Access. That's what privilege gets us. Privilege moves us to the front of the line. It gets us into places where others cannot go. It gets us exclusive benefits, special treatment. Money can often buy it. But so can social status and connections. And it makes others envy us, but mostly resent us. "Is there something wrong with privilege?" I asked myself as I drove away from the clinic in plenty of time for my next appointment.
I tried to remember if I had heard a sermon on this subject. I could not. Social class is something we seem a bit uncomfortable talking about publicly in our culture. Maybe because one of our cherished national myths is that we all are equal. We love our log-cabin-to-white-house stories. Our disdain for a caste system, like in India let's say, is because there is no opportunity to move up the social ladder. Yet privilege and class go hand in hand - the higher the class, the greater the privilege. And even within each social class there is a hierarchy, a pecking order, that determines who gets to eat first and best. It's a principle of nature. It keeps everyone striving. What makes privilege palatable to us is our fundamental belief that anyone can have it if they work hard enough. Privilege is good, we could reason - a positive motivating factor, something to aspire to, the legitimate reward for diligence and persistence and prudence and sound investment.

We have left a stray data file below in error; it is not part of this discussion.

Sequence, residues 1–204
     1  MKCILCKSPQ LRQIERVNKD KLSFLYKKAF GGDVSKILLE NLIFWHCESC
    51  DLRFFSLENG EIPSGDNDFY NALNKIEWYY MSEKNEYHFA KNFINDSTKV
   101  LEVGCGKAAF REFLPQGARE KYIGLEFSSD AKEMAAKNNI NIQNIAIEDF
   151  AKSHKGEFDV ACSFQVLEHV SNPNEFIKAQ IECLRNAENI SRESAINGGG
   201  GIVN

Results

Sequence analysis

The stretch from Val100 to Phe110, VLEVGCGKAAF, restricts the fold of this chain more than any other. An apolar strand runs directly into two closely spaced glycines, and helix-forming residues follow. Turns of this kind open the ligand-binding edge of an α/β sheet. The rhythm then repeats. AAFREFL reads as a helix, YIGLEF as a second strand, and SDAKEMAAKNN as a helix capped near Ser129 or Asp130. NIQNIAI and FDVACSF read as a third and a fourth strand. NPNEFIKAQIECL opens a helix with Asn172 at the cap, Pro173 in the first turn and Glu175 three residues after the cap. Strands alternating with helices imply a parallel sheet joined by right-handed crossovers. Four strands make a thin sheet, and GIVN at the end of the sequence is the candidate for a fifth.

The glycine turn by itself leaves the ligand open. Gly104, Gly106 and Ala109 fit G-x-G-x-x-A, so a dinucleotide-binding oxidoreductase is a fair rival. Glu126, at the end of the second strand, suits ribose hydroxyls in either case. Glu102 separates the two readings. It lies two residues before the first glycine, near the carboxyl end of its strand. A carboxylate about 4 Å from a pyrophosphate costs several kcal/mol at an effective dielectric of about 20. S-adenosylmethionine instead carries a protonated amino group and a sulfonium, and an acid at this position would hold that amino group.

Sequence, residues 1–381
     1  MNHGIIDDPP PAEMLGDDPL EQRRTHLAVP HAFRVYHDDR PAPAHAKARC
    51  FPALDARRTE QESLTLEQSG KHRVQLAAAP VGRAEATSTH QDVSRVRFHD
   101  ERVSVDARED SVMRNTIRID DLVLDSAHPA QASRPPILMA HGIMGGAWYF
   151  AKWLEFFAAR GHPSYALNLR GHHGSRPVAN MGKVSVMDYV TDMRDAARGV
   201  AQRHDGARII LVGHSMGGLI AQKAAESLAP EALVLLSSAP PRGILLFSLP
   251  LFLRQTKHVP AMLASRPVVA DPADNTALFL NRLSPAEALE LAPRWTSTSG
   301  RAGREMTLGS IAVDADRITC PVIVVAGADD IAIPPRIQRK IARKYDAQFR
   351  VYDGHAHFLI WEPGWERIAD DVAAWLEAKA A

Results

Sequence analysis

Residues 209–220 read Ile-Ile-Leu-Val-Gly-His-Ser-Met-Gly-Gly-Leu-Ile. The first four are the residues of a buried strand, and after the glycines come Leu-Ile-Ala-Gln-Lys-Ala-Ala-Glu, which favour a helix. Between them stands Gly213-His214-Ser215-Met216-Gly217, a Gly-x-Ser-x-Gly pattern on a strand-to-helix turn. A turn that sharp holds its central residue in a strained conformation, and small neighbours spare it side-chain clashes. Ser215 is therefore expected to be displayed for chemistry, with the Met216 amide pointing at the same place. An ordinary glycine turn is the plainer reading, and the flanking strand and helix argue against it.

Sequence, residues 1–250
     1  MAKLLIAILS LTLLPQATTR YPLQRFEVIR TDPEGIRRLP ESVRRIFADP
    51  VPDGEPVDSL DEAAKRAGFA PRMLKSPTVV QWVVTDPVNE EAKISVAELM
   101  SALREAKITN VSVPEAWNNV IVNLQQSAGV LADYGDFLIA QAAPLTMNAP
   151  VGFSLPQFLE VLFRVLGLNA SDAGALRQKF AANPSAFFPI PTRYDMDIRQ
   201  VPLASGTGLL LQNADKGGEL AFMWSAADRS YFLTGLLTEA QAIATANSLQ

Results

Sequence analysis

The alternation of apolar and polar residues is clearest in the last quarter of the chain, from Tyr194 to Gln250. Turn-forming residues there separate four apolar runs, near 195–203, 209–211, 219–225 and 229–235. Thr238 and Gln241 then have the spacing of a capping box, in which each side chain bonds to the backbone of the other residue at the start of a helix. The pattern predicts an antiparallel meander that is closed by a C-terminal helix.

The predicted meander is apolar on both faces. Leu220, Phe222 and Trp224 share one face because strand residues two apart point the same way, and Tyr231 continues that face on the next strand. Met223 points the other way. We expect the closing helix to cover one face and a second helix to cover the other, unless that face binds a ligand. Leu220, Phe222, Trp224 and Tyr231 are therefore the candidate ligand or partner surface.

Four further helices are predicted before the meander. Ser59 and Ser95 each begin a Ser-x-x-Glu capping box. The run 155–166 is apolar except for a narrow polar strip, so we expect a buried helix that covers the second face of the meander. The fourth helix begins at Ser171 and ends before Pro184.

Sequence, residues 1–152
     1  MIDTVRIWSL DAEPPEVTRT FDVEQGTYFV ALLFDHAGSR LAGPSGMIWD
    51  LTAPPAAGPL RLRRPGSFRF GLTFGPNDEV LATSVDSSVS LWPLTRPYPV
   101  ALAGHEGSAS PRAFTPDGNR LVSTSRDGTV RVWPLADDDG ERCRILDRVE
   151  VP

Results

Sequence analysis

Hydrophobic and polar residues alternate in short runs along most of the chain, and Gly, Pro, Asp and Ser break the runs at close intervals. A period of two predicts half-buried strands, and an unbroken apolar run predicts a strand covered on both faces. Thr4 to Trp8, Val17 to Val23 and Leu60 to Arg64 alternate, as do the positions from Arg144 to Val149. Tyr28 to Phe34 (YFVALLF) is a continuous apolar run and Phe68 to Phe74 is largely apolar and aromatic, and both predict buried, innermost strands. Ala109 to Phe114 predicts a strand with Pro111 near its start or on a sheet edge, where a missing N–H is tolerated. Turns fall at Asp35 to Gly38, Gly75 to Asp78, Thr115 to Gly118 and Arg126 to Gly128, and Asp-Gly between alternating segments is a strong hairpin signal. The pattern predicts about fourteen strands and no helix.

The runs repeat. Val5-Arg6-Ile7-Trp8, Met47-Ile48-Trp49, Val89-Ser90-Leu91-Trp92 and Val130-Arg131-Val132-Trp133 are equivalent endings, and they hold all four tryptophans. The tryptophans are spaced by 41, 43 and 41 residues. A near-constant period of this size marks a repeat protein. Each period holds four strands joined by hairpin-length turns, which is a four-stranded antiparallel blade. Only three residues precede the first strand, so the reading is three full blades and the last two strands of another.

So why did I feel so impure when I left the clinic? Why did I find myself working so hard to rationalize my behavior? Perhaps it was the resentful stares that made it so hard to dismiss the incident from my mind. But would it have been fundamentally different had I entered and left through a back door so that no one in the waiting room would have known? Would it have been more righteous if I had patiently waited my turn and wasted an entire morning waiting on a one-minute prescription?